The economic situation of the city was satisfying. The immigrants from Spain brought with them the wool industry; a material whose processing required a lot of water resources; and for this purpose; they built various facilities such as the press and others. The city had 3,000 weaving looms and its products competed with the Venice textile industry. Even some of the sages were engaged in the wool industry. Its inhabitants also traded in honey, silk, and spices. In 1576, the first printing house in the Middle East was established in Safed. For ten years he printed five books

Very Best Guide for Safed: The Decline of the Jewish Community

In the 17th century, a decline in the economic status of the city was felt. The cheap fabrics from England pushed its fabrics and the wool industry collapsed. The plague of locusts and plagues landed in the city. The famous sages also passed away, and the others moved to Jerusalem and other cities. A particularly severe plague struck Safed in 1747. In 1759 there was an earthquake, in which about 300 people were killed. 



A recovery in Jewish settlement occurred in 1778 when a convoy of 300 Hasidim arrived in Israel; most of whom settled in Safed (aliyah of Baal Shem Tov students). This period can be defined as the beginning of the Ashkenazi “old settlement” in Safed. In 1799; immediately after the withdrawal of Napoleon Bonaparte’s army from Israel, the Jewish Quarter was destroyed by local Arab rioters and many of the city’s Jews were massacred.

Very Best Guide for Safed: Things to See in Safed – Abuhav Synagogue

The Abuhav Synagogue is a 15th-century synagogue in Safed, Israel, named after 15th-century Spanish Rabbi and kabbalist, Isaac Abuhav. Its design is said to be based upon kabbalistic teachings. According to tradition, Rabbi Abuhav designed the synagogue and his disciples erected the building in Safed when they arrived in the 1490s after the expulsion from Spain. Another legend claims that the synagogue was transported miraculously from Spain to Safed. The synagogue was almost completely destroyed in the 1837 earthquake, only the southern wall containing the arks remained standing and exists today as a remnant of the original building.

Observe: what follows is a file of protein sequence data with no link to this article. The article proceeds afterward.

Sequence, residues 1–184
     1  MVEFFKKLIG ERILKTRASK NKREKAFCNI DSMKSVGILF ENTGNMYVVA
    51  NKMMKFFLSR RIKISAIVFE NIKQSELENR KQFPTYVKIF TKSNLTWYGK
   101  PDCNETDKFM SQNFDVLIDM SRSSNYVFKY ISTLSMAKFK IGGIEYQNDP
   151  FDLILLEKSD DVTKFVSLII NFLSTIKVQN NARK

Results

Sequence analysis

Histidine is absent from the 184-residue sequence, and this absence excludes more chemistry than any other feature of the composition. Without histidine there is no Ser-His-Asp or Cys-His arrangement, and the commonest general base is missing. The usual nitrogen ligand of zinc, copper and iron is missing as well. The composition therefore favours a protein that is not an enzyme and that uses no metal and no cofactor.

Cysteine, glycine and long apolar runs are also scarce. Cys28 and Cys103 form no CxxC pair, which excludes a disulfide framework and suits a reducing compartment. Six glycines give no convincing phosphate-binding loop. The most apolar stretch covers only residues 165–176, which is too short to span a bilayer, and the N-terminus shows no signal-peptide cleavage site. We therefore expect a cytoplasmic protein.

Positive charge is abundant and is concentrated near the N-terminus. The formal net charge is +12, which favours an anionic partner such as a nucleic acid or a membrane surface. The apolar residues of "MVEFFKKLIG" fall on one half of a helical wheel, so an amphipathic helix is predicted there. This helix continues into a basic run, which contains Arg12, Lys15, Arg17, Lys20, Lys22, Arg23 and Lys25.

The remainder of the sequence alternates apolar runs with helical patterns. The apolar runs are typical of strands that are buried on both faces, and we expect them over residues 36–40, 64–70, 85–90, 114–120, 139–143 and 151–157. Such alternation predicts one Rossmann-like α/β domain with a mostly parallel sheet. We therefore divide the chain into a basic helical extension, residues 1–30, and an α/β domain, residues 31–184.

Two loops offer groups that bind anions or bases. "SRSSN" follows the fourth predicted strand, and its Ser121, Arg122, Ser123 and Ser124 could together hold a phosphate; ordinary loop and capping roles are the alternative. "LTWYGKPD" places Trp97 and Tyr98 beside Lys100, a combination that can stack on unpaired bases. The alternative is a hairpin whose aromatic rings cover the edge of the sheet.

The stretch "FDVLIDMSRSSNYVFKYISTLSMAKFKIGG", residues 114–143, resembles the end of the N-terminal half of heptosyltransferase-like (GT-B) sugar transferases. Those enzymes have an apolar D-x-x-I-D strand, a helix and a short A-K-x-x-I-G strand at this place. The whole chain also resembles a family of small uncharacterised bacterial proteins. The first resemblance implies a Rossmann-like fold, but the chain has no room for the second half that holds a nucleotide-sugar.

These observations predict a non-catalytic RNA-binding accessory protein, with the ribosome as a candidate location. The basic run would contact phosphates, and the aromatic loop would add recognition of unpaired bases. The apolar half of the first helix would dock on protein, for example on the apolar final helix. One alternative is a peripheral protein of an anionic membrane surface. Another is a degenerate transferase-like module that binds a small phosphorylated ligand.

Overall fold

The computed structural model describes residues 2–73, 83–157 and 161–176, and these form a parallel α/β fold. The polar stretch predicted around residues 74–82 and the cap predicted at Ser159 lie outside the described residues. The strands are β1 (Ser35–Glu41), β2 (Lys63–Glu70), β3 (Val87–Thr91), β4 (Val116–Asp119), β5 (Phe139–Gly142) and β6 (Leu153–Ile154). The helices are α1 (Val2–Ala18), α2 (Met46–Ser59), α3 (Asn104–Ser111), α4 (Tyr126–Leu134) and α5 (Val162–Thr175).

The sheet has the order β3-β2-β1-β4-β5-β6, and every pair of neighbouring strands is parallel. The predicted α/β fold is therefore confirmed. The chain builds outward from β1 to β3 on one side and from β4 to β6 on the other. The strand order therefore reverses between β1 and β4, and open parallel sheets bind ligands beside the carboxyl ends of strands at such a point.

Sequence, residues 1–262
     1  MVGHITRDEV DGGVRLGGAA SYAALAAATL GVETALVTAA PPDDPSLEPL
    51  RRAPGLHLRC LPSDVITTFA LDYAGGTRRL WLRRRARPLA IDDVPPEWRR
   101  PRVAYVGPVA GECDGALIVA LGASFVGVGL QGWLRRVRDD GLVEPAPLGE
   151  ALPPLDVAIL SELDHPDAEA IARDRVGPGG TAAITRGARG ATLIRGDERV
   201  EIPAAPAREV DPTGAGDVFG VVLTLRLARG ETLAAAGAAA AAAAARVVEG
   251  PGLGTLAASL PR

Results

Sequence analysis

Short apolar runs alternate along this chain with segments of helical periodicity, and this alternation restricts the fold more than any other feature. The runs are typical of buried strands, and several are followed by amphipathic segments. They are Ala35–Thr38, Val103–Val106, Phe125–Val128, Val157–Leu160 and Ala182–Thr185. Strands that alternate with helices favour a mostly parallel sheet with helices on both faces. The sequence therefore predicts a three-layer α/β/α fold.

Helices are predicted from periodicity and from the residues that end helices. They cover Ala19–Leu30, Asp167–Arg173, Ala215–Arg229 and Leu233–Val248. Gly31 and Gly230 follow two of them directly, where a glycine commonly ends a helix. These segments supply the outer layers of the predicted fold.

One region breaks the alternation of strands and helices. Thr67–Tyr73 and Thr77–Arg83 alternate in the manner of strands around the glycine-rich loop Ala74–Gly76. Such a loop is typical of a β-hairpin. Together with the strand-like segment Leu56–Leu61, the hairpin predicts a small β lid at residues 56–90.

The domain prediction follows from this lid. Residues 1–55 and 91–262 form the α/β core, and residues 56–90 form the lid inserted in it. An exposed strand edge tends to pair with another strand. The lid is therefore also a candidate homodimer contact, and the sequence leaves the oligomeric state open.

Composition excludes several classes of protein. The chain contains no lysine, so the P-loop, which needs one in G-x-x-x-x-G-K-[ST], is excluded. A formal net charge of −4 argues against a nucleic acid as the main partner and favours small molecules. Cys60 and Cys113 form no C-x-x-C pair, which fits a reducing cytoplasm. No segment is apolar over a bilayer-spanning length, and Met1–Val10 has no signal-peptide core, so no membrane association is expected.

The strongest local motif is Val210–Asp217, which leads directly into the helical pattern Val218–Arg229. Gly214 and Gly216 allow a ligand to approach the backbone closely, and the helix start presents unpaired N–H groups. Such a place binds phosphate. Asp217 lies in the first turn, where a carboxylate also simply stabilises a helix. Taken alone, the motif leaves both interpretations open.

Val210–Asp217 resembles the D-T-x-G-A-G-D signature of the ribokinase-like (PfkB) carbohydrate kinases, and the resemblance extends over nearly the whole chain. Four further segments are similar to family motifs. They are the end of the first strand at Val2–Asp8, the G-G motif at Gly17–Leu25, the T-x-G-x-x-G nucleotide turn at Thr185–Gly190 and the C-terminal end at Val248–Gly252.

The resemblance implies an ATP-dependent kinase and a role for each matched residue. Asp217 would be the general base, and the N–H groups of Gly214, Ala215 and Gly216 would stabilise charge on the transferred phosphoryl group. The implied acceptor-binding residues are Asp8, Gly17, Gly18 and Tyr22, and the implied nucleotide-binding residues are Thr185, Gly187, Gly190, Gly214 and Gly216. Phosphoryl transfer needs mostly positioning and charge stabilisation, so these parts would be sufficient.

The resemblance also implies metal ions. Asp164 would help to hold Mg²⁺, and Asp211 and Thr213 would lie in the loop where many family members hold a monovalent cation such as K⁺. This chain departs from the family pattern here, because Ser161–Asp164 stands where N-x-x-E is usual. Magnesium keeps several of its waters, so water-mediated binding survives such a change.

The bimah has six steps representing the six working days of the week; the top level is seventh, representing the Shabbat. The Holy Ark has three sections and contain Torah scrolls traditionally written by Abuhav himself and Solomon Ohana of Fes, Morocco.

Things to See in Safed – The Ashkenazi Ari Synagogue

The Ashkenazi Ari Synagogue, located in Safed, Israel, was built in memory of Rabbi Isaac Luria, who was known by the Hebrew acronym “the ARI”. It dates from the late 16th-century; it being constructed several years after the death of Luria, a great kabbalist who arrived in Safed in 1570.

The synagogue is known for its colorful and ornate Holy Ark. It may be the oldest synagogue in Israel that is still in use. Though the synagogue is associated by name with the Ashkenazi community; today it serves as a place of worship for Hasidic and Sephardic Jews and remains popular among worshippers of different affiliations. Another ancient Safed synagogue dedicated to Rabbi Isaac Luria is known as the Sephardic Ari Synagogue.

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I’m Arik

Hi! My name is Arik Haglili, an Israeli native who decided to dedicate his life to share my knowledge about the Holy Land to those that are interested to know more about this amazing piece of land. My career as a private tour guide started at the International School For the Studying of the Holocaust and the rest is history.